You can do this problem by inspection, that is, write down the jpd that must satisfy the three conditions. It is highly

recommended to use your own 2 state variables, coins, to see what outcomes that satisfy the conditions above for the two

systems. If you can make a brief cogent argument, do so.

By just using three coins and calling heads = +1 and tails = -1 you can quickly see that the first is easy to satisfy (either

all three are heads or all three are tails).

For the second distribution there is no way to satisfy the three correlations. Since X and Y are correlated and X and Z

are correlated we expect that Y and Z to be positively correlated

Problem 4.4: Practice with Vectors

~ has the following components in the xyz basis (with unit vectors x̂, ŷ, and ẑ).

A vector A

A

√

~ ·A

a. what is the length of this vector? A ~ = 9 + 16 + 25 = 50. This is the squared length. The actual length is |A|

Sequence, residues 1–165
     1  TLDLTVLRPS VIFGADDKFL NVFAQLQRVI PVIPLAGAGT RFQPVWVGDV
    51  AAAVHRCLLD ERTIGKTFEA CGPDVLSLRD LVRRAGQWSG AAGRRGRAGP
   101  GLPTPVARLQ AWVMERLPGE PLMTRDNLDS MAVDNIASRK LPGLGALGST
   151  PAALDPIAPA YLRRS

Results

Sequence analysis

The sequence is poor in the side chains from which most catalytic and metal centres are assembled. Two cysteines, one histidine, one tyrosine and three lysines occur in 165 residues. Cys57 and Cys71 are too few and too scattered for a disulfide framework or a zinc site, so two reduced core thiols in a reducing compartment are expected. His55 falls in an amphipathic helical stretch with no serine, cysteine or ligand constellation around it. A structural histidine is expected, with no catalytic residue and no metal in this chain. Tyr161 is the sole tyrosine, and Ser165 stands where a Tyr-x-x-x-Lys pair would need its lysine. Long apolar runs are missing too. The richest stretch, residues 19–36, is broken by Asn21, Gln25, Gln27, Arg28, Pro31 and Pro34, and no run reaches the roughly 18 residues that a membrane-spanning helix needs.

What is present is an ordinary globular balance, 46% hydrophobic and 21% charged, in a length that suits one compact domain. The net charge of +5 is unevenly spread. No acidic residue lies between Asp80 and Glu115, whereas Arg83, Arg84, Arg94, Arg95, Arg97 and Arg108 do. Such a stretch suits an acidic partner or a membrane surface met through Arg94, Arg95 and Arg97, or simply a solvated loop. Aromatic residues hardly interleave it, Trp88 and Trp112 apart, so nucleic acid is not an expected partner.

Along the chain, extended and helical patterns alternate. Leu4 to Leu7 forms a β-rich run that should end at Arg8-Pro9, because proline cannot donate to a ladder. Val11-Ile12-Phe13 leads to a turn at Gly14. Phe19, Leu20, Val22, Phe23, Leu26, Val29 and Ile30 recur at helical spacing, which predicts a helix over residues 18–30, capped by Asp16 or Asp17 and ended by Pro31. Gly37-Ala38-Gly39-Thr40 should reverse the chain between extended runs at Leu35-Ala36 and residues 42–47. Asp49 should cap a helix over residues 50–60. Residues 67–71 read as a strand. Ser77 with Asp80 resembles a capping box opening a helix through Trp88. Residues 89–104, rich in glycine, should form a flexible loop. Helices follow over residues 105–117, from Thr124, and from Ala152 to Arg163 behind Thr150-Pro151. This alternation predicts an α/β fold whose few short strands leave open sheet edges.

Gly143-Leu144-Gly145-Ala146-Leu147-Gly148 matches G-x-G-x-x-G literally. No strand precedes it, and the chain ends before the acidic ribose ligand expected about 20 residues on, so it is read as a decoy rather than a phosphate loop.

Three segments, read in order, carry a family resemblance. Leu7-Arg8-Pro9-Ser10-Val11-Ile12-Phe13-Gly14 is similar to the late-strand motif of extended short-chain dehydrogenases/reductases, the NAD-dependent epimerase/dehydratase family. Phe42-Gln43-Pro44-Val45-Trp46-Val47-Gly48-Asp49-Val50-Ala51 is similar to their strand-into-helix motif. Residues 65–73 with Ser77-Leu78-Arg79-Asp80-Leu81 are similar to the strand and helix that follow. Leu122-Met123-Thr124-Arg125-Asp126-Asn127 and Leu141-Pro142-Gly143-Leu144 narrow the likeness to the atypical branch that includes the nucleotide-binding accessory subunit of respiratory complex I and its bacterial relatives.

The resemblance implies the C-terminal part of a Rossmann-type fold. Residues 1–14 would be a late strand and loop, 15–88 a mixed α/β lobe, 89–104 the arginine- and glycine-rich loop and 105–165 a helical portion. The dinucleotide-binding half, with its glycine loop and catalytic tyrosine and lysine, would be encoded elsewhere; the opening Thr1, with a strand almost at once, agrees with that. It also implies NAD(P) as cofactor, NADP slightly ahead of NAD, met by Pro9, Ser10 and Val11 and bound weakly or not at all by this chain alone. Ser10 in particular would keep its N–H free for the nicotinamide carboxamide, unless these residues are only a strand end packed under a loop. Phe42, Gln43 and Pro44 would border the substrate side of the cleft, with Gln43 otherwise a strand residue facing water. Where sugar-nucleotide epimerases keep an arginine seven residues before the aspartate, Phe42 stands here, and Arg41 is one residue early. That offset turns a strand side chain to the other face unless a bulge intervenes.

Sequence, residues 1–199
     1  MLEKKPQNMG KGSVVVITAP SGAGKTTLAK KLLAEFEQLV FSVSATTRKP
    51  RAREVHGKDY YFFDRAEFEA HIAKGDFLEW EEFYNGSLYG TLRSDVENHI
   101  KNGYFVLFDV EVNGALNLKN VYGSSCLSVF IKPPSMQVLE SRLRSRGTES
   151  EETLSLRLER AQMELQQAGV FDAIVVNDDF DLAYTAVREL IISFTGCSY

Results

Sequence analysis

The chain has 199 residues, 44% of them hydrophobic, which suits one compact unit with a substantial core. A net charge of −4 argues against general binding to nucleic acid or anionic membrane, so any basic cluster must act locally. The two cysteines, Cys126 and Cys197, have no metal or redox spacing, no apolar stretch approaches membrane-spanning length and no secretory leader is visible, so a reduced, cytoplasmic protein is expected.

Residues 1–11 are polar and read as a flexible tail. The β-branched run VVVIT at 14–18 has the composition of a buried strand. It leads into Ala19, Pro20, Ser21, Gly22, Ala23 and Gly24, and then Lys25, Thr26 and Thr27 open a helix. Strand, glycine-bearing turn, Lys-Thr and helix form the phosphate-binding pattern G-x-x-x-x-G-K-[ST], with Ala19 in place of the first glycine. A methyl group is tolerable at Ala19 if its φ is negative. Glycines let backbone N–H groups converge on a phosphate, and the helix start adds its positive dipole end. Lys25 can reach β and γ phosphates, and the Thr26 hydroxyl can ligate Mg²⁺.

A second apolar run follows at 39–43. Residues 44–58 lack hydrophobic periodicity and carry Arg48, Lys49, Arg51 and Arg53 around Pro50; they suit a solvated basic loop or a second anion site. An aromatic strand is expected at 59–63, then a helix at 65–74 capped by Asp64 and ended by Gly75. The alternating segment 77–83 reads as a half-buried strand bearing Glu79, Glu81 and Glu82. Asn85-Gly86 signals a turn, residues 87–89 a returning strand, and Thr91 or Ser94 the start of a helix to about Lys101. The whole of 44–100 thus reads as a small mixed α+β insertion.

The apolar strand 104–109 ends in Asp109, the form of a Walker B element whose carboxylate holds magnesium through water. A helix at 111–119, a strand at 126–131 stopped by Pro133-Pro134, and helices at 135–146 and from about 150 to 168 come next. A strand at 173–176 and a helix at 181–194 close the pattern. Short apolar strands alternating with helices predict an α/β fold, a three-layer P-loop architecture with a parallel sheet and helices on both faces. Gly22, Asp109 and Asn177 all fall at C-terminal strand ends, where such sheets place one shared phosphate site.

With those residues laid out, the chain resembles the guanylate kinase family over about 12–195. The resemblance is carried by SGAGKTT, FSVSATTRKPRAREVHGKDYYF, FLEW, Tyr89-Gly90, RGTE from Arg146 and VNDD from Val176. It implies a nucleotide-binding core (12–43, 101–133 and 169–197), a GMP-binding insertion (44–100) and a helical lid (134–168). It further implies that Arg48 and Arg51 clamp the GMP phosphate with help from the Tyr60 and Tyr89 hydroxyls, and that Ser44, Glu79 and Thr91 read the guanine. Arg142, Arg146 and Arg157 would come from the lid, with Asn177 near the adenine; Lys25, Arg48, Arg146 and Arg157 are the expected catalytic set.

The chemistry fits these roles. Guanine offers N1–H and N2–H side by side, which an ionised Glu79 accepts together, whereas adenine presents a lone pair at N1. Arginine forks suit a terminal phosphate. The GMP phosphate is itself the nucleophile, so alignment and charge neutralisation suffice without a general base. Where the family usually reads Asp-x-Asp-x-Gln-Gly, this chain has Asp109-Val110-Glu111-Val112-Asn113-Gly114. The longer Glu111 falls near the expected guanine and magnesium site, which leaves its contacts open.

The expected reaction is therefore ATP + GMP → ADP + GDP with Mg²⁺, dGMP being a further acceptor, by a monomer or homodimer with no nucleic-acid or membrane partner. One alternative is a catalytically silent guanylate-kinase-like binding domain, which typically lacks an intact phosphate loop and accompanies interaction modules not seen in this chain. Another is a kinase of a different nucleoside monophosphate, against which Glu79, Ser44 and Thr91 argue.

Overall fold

~ = 50.

Consider another basis, the x′ y ′ z ′ basis where; z ′ = z and the axes are rotated, counterclockwise, about the z axis by 45o .

~ in this basis? What is its length?

b. what are the components of A

~ = x̂′ + 2yˆ′ + 3zˆ′ .

~ is defined by its components in the S ′ basis, i.e. B

A second vector B

~ · B?

c. what is the product A ~

Consider the following set of vectors. We define the term orthonormal for those pairs which are orthogonal (perpendicular)

and normalized (unit length). We begin with the orthonormal set of unit vectors in flat, 3-dimensional space, î, ĵ, and k̂.

Consider the following set of vectors

a. ~va = √1 (−î + ĵ)

3

√

b. ~vb = 12 (î − ĵ + 2k̂)

3

2

3

√

g. ~vg = 12 (î − ĵ − 2k̂)

Of the previous set of vectors, can you find a set of three that form an orthonormal basis? That is, three vectors that are

mutually perpendicular? If we have such a set of orthonormal vectors, which span the space (need a number equal to the

dimensions of the space) then any vector can be expressed as a linear combination of these.